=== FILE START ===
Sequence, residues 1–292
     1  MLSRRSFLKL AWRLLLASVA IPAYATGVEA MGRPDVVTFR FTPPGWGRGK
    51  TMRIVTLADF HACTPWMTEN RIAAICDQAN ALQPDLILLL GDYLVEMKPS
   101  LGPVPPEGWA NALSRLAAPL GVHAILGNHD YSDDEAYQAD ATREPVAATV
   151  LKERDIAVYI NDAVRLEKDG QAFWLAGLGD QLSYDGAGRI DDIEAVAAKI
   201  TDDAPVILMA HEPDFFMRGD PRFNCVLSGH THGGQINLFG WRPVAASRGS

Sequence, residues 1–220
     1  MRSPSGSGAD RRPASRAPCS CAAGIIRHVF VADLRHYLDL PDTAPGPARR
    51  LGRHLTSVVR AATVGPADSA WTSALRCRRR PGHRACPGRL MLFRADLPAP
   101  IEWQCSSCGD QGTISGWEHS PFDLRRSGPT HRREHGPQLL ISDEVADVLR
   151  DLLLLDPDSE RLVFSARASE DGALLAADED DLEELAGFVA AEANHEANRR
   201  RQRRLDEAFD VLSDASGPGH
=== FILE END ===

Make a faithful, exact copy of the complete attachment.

Sequence, residues 1–292
     1  MLSRRSFLKL AWRLLLASVA IPAYATGVEA MGRPDVVTFR FTPPGWGRGK
    51  TMRIVTLADF HACTPWMTEN RIAAICDQAN ALQPDLILLL GDYLVEMKPS
   101  LGPVPPEGWA NALSRLAAPL GVHAILGNHD YSDDEAYQAD ATREPVAATV
   151  LKERDIAVYI NDAVRLEKDG QAFWLAGLGD QLSYDGAGRI DDIEAVAAKI
   201  TDDAPVILMA HEPDFFMRGD PRFNCVLSGH THGGQINLFG WRPVAASRGS

Sequence, residues 1–220
     1  MRSPSGSGAD RRPASRAPCS CAAGIIRHVF VADLRHYLDL PDTAPGPARR
    51  LGRHLTSVVR AATVGPADSA WTSALRCRRR PGHRACPGRL MLFRADLPAP
   101  IEWQCSSCGD QGTISGWEHS PFDLRRSGPT HRREHGPQLL ISDEVADVLR
   151  DLLLLDPDSE RLVFSARASE DGALLAADED DLEELAGFVA AEANHEANRR
   201  RQRRLDEAFD VLSDASGPGH